After the story about Bob got out, I was amazed at how many others had stories and cautious feelings regarding Bob. He was crafty. Many, and even myself, felt something was wrong in the beginning, but chose to give him the benefit of the doubt. Over time he deceived us all. I had many people tell me they had been abused as a child, and had never told anyone, or they were not believed. It was like we turned on a faucet. Since we were open about everything, other people felt empowered to share their stories with us. We were suddenly thrust into a whole new ministry opportunity we never imagined or looked for. But since God had us there, we were going to embrace anyone and everything we had to. 

That ministry has not stopped. Other pastors have sought me out for help when they were faced with similar situations. Survivors have come to us for counsel. I have learned more about child sexual abuse than I ever wanted to, but now we certainly see the reason. 

We are very fortunate. Very few survivors tell, and certainly not on purpose. Wesley came to us freely. We are so thankful for that. God has led us through this so far, and we are still following him today as we continue this ministry opportunity passionately. 

Have I forgiven Bob? Absolutely. I have prayed for his reconciliation. I have not seen or spoken with him since all of this. Maybe I will run into him someday. I want to tell him, “I forgive you.” Forgiveness is much more empowering than anger.

Marty Hogue is pastor of First Baptist Church of Ravenel, South Carolina.

Article 12: The Future of AI

We affirm that AI will continue to be developed in ways that we cannot currently imagine or understand, including AI that will far surpass many human abilities. God alone has the power to create life, and no future advancements in AI will usurp Him as the Creator of life. The church has a unique role in proclaiming human dignity for all and calling for the humane use of AI in all aspects of society.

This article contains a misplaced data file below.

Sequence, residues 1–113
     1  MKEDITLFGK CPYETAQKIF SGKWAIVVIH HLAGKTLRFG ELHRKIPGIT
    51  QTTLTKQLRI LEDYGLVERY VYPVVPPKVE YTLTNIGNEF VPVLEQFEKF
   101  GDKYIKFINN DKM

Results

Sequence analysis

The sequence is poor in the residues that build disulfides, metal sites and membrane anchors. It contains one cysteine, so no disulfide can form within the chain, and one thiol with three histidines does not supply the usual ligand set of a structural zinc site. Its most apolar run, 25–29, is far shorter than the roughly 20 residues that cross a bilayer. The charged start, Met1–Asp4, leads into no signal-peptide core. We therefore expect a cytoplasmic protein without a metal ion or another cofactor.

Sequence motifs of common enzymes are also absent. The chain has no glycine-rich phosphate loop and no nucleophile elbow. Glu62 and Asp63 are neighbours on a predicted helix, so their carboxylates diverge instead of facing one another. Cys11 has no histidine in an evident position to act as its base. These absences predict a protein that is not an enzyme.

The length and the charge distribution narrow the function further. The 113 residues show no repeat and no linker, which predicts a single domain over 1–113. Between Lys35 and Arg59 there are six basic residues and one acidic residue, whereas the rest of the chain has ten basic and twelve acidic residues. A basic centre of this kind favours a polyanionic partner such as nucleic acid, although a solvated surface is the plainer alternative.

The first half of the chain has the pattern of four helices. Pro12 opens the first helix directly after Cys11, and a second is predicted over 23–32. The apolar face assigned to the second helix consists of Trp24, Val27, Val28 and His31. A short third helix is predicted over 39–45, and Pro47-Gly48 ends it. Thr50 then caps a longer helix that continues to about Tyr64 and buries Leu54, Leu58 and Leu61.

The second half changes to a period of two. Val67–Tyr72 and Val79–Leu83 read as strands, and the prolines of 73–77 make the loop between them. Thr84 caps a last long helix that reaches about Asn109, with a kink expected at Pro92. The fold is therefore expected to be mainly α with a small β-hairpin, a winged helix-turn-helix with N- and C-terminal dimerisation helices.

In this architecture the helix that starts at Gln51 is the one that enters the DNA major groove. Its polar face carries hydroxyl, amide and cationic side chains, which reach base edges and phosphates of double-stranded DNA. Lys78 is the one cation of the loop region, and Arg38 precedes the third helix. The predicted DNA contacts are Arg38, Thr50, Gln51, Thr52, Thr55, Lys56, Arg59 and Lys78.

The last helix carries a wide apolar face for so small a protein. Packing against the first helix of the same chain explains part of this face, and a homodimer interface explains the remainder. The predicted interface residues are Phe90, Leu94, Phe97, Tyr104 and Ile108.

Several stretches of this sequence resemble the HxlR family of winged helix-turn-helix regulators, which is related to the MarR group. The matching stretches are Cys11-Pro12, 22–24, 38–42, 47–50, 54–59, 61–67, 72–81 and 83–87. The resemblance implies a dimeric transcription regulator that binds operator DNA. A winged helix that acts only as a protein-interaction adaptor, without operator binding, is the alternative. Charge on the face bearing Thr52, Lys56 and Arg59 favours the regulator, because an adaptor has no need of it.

We deny that AI will make us more or less human, or that AI will ever obtain a coequal level of worth, dignity, or value to image-bearers. Future advancements in AI will not ultimately fulfill our longings for a perfect world. While we are not able to comprehend or know the future, we do not fear what is to come because we know that God is omniscient and that nothing we create will be able to thwart His redemptive plan for creation or to supplant humanity as His image-bearers.

Genesis 1; Isaiah 42:8; Romans 1:20-21; 5:2; Ephesians 1:4-6; 2 Timothy 1:7-9; Revelation 5:9-10

Article 11: Public Policy

We affirm that the fundamental purposes of government are to protect human beings from harm, punish those who do evil, uphold civil liberties, and to commend those who do good. The public has a role in shaping and crafting policies concerning the use of AI in society, and these decisions should not be left to those who develop these technologies or to governments to set norms.

We deny that AI should be used by governments, corporations, or any entity to infringe upon God-given human rights. AI, even in a highly advanced state, should never be delegated the governing authority that has been granted by an all-sovereign God to human beings alone. 

Romans 13:1-7; Acts 10:35; 1 Peter 2:13-14

Article 10: War

We affirm that the use of AI in warfare should be governed by love of neighbor and the principles of just war. The use of AI may mitigate the loss of human life, provide greater protection of non-combatants, and inform better policymaking. Any lethal action conducted or substantially enabled by AI must employ 5 human oversight or review. All defense-related AI applications, such as underlying data and decision-making processes, must be subject to continual review by legitimate authorities. When these systems are deployed, human agents bear full moral responsibility for any actions taken by the system.